The Jetsons No. 7 comic book

The Jetsons No. 7 comic book

Usage conditions apply
Downloads
Description (Brief)
Gold Key Comic book based on the animated television series The Jetsons. This issue, No. 7, features a cover illustration showing the Jetson family floating on flying saucers in outer space. George Jetson being pulled by his dog Astro who is chasing a cat on a separate saucer while the rest of the family looks on. In addition to Jetsons features "The Folksinger Swinger," "Canine Camper Caper," "Nosey, But Nice," "The Lunch was all Dough," the issue also includes a Touche Turtle and Dum Dum story, "Easier Said Than Done," one-page educational strips, and a one-page text feature titled "The Last Word." The issue, dated 1963, sold for 12 cents.
The Jetsons was an animated television series produced by Hanna-Barbera that aired on ABC from 1962 to 1963 and in reruns for decades after. The primetime sitcom was set in Orbit City in the distant future and focused on the Jetson family – father George, who works at Spacely Space Sprockets, mother Jane, a homemaker, children Judy and Elroy, robot maid Rosie, and their dog Astro. Despite the high-tech gadgetry, labor-saving devices, flying cars, and space colonization of the Jetsons’ world, the series presented the family as a normative American nuclear family of the era, dealing with many of the same issues with work, family, and neighbors faced by the protagonists of The Honeymooners, Leave it to Beaver, and Father Knows Best. The Jetsons featured many futuristic technologies that have now become commonplace - video calling, tablet computers, robotic vacuums, smart watches, flatscreen televisions, drones, and holograms – as well as many others that seem misguided or still far-off such as flying cars, high quality instant food, robot housekeepers, and communities built on pillars in the sky.
The series drew from a rich American literary and entertainment genre of futuristic science fiction from Edward Bellamy’s 1887 utopian novel Looking Backward to the pulp and comic book adventures of Buck Rogers and Flash Gordon, not to mention contemporary space travel entertainment like Tom Corbett, Space Cadet. Americans in the early 1960s were fascinated by the technological innovations of the Space Age and the brighter future promised by the flood of devices, services, and improvements that marketed “better living through chemistry” and material progress. The broad economic growth and prosperity of the post World War II era had allowed many middle-class Americans to purchase luxury goods and participate in leisure activities beyond what seemed possible in the difficult 1930s and 40s. Advertisers marketed new and more inexpensive consumer goods as modern, sleek, and forward-looking, while the NASA space program and race to land a man on the moon captured the world’s attention. The Jetsons premiered amidst this techno-utopianism and seemed to capture the national mood.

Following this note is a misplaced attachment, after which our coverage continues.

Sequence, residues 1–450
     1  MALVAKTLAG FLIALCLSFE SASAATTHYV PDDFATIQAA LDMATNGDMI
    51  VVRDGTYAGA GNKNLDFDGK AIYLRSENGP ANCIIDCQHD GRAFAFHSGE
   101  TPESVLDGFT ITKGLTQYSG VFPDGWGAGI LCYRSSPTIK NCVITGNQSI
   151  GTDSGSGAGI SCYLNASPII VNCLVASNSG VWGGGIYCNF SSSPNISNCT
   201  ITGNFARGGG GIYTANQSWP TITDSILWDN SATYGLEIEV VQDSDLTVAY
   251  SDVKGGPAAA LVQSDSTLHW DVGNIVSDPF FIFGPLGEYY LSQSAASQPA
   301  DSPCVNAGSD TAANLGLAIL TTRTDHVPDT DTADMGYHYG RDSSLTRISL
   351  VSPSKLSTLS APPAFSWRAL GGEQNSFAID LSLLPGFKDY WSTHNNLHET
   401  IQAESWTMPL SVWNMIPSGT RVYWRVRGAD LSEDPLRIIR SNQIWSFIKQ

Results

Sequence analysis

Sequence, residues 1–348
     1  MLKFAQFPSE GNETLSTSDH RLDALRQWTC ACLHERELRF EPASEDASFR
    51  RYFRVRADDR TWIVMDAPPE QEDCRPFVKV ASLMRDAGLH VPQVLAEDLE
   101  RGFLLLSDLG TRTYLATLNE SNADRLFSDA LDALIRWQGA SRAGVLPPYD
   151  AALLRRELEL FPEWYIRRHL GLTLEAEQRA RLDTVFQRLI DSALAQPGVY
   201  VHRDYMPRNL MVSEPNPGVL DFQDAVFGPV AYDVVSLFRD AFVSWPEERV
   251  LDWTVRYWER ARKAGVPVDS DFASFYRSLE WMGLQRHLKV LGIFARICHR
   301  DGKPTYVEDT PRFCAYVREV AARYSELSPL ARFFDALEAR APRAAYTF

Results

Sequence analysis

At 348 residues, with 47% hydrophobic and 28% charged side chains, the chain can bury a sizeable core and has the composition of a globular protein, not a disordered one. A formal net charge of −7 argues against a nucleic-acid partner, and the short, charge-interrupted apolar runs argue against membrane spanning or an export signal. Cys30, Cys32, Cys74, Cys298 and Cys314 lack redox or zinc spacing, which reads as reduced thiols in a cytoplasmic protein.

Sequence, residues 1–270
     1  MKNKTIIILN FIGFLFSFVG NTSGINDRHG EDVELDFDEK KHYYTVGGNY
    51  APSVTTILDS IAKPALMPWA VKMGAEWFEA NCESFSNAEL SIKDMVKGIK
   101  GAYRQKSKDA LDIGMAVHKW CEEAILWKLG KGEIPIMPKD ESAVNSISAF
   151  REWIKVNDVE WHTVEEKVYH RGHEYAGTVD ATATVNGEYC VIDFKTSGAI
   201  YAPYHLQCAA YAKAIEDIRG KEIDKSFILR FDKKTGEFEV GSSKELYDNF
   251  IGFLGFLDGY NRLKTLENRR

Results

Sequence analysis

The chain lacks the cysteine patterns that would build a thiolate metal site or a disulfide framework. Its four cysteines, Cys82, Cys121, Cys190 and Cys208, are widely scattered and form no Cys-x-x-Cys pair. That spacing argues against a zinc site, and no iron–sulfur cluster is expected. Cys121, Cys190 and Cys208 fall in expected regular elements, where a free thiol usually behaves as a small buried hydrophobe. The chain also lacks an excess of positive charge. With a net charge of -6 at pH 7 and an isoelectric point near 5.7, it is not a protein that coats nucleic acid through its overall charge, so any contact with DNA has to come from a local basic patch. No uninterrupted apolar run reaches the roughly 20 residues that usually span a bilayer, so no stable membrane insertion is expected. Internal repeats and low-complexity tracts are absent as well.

Location
Currently not on view
Object Name
comic book
date made
1963
1964
maker
Hanna-Barbera
place made
United States: New York, Poughkeepsie
Physical Description
ink (overall material)
paper (overall material)
Measurements
overall: 7 in x 10 in; 17.78 cm x 25.4 cm
ID Number
2018.3010.270
catalog number
2018.3010.270
nonaccession number
2018.3010
subject
Animation
See more items in
Cultural and Community Life: Entertainment
Popular Entertainment
Data Source
National Museum of American History
Nominate this object for photography.   

Our collection database is a work in progress. We may update this record based on further research and review. Learn more about our approach to sharing our collection online.

If you would like to know how you can use content on this page, see the Smithsonian's Terms of Use. If you need to request an image for publication or other use, please visit Rights and Reproductions.

Note: Comment submission is temporarily unavailable while we make improvements to the site. We apologize for the interruption. If you have a question relating to the museum's collections, please first check our Collections FAQ. If you require a personal response, please use our Contact page.